GREEN BAY — On the eve of his first NFL start, Demetri Goodson planned to head to his room at the team hotel Wednesday and put in one more late-night study session.
When he got there, the Packers' third-year cornerback was surprised to find he had company in the form of LaDarius Gunter.
Unbeknownst to either cornerback, the Packers' coaching staff had them room together in preparation of Thursday night's game against the Chicago Bears.
"It's funny because normally the night before the game, I have my own room and he has his own room, and the coaches put us together," Goodson said. "The whole night we were sitting there going over plays and coverages."
The strategy paid off in a big way for a Packers' secondary that contained the NFL's fourth-ranked passing offense to only 130 yards during Thursday night's 26-10 win over the Bears.
Sam Shields (concussion), Damarious Randall (groin) and Quinten Rollins (groin) were all ruled out going into the game, leaving Gunter and Goodson to man the boundary cornerback positions.
The Packers often matched Gunter against Pro Bowl receiver Alshon Jeffery, who finished with only three catches for 33 yards. All week long cornerbacks coach Joe Whitt Jr. preached physicality and that's what Gunter provided Thursday.
"That was the game plan – hands on all day and work my technique," he said. "It's great to go out there and compete and show everybody I belong. It's great to get the team win, too."
Chicago's starting quarterback, Brian Hoyer, completed only 4-of-11 passes for 49 yards before leaving in the second quarter with a broken arm.
His replacement, Matt Barkley, didn't fare much better with only six completions on 15 attempts for 81 yards and a pair of interceptions by linebackers Nick Perry and Blake Martinez.
With the run defense allowing only 69 yards, Gunter, Goodson and the rest of the Packers' secondary held the Bears quarterbacks to a 22.9 passer rating. Overall, the defense had nearly as many passes defensed (nine) as completions allowed (10).
"That's just a credit to the guys for preparing themselves and always being ready when their number is called," safety Morgan Burnett said. "It's not surprising to me because they're professionals since they got here. As a unit, I feel like we have a good bond."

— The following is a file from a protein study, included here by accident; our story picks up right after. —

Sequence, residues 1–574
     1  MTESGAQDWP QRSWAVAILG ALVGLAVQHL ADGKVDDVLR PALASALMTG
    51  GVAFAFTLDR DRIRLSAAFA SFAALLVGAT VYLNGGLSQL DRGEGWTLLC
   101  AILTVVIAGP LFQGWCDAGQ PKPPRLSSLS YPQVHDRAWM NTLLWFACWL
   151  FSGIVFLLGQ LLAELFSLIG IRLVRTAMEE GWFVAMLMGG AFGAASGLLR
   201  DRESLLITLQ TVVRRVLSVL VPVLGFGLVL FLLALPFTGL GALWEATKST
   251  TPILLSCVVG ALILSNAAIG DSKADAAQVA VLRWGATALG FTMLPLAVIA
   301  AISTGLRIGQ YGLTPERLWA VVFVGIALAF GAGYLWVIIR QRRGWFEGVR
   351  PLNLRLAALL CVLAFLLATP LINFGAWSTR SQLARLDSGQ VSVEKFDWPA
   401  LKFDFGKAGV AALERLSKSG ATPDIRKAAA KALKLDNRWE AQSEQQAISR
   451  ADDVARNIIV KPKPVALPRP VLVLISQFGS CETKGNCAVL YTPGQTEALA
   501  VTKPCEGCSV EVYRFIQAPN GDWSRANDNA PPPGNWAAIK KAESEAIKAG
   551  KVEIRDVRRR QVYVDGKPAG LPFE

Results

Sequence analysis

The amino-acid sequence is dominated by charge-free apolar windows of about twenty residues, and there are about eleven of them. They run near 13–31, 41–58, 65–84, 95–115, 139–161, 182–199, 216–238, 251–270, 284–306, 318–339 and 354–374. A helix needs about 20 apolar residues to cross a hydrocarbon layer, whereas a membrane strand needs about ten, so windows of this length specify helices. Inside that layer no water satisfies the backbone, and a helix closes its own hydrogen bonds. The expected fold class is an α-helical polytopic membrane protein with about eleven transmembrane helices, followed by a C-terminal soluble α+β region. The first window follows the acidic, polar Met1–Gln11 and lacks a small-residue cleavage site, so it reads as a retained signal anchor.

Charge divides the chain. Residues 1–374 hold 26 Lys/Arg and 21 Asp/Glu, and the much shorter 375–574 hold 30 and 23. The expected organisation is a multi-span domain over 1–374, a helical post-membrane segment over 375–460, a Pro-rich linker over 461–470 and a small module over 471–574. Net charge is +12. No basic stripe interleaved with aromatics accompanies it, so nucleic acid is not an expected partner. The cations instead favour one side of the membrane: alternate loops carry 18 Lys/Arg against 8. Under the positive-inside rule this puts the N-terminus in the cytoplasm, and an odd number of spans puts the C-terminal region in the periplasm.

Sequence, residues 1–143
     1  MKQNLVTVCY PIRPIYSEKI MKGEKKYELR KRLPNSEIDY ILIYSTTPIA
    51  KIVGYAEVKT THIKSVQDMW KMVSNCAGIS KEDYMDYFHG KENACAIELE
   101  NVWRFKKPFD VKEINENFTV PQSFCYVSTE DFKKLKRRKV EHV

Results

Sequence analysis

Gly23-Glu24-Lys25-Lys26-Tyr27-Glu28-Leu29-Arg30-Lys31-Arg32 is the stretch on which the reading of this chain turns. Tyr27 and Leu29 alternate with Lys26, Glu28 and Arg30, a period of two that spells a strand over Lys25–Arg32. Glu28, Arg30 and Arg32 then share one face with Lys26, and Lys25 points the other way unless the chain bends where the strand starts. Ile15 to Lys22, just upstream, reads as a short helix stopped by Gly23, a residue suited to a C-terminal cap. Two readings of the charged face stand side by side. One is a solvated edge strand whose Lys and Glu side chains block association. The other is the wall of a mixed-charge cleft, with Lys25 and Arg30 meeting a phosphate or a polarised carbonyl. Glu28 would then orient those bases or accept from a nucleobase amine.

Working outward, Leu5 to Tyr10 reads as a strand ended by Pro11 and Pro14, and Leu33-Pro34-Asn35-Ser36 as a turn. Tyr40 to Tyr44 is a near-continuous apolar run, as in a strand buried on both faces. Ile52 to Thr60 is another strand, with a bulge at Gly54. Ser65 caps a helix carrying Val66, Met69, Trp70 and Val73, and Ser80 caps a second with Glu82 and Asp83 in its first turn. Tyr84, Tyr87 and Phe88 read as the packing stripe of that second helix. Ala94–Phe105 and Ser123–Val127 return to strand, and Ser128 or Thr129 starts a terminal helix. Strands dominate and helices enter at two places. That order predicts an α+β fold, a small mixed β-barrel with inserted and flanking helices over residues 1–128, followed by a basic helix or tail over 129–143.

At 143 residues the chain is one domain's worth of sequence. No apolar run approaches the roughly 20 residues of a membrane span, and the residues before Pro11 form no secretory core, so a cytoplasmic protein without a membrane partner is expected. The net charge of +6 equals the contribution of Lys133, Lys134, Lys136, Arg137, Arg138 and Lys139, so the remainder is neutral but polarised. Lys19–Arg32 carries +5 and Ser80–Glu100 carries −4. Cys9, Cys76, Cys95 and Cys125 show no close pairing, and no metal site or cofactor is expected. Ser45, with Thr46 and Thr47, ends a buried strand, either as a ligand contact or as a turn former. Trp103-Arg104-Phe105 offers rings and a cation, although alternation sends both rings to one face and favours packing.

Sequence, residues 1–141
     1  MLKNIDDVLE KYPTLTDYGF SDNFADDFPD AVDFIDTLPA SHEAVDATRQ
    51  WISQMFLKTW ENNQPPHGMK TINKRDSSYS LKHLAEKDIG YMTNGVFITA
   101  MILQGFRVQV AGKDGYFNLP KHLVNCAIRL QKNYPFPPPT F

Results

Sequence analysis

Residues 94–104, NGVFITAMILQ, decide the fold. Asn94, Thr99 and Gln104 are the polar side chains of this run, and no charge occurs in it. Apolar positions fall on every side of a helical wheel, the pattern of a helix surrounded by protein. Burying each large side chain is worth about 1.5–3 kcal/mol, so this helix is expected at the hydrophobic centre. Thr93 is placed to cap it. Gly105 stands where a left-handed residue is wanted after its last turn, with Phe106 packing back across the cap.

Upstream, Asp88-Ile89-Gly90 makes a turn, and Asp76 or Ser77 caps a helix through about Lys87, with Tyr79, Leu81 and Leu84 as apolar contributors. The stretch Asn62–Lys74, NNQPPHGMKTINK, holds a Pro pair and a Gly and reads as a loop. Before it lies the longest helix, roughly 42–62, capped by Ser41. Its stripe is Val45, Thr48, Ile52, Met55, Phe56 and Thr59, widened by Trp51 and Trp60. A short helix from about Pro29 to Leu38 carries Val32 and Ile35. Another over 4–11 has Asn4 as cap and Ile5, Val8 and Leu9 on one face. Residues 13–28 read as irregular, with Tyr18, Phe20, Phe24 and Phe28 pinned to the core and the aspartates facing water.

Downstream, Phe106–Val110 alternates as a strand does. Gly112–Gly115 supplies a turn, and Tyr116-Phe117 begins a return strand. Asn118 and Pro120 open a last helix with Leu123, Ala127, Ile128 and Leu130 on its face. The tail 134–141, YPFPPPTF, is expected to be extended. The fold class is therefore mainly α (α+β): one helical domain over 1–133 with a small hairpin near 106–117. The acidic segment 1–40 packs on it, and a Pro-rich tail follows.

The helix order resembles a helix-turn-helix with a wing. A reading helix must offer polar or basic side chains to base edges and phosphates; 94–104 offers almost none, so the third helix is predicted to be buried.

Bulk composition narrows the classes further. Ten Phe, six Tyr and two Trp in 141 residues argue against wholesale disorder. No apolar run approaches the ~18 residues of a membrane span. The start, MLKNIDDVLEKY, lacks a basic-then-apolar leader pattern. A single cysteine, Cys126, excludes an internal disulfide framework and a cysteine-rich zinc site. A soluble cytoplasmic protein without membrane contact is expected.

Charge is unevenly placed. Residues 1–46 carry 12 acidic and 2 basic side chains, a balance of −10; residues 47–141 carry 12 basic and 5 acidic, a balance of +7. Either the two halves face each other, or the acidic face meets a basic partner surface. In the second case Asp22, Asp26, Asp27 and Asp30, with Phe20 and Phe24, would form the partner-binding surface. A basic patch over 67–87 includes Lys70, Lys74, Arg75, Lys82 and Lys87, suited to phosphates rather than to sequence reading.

It's been a strange week for Goodson, who was making his season debut Sunday against Dallas before being thrown into extensive action after Randall aggravated his groin injury.
After waiting two full seasons for his chance to start, suddenly here was Goodson's chance.
"All my life I've been waiting to be a starter," said Goodson, who finished with four tackles. "I think this is the time. I didn't think it would come like this but that's why you have to be ready.
"When your number's called, you have to come in there and play well because you don't know when that next time you'll get a chance to be out there. I'm just trying to take full advantage of this."
Shields was placed on injured reserve earlier this week, but the Packers hope to have Randall and Rollins back in the fold soon.
After studying for almost three hours on Wednesday night, Goodson and Gunter hope Thursday night's performance proved the depth chart at cornerback is a lot deeper than maybe some were giving it credit for.
"To be honest, people outside of here don't think me and 'Gunt' can hold it down, so that kind of gives us more juice," Goodson said. "Everybody in here knows we can play. Now it's just showing everybody that just because Sam, 'D' and 'Q' are out, me and 'Gunt' definitely can handle this."
First interception: Martinez felt a surge of jubilation when he caught the first interception of his career off a deflection from Burnett with a little less than 5 minutes remaining in Thursday night's game.
However, his joy quickly turned to fear when the rookie fourth-round pick got up off the ground and saw a horde of Chicago offensive players charging his way.
Martinez bounced off a few would-be tacklers before finally going down after a 4-yard return.
"I was so lost at first," said Martinez, who finished with a team-high five tackles, two passes defensed and the interception.
"I touched one of their offensive players, so I was like, 'I must be down.' So I get up and … and I see like seven guys running at me (ready to) rip my head off, so I went into survival mode and didn't even think about going down. I was just like, 'Don't get hit.' It was a crazy play."
On top of the interception, Martinez scored a minor victory in that the recurring cut above his nose didn't come open again like it has the past few weeks.
"I was scared," Martinez said. "I made a tackle in the fourth quarter and thought I felt it start bleeding, but I'm so happy it's not open again."
The Packers needed every rep they got out of Martinez after second-year linebacker Jake Ryan left in the second half and did not return.
First impression: New running back Knile Davis was only on the field for a handful of offensive plays after being acquired in a trade from Kansas City on Tuesday.
However, the fourth-year veteran liked what he saw from the Packers' offensive line, which helped pave the way to Green Bay rushing for 103 yards on 23 carries Thursday night.
"I'm telling you when I was behind that O-line, it was a pretty thing," said Davis, who had two carries late in the second half.
"I see nothing but good things in the future because they're on their guys. They're not letting people come through the backfield. I'm excited to run behind this O-line."
It was the sixth consecutive game the Packers featured the same five starting offensive linemen. While T.J. Lang left momentarily with a hip injury, the veteran right guard returned in the third quarter and finished the game.
Spofford: Packers do whatever it takes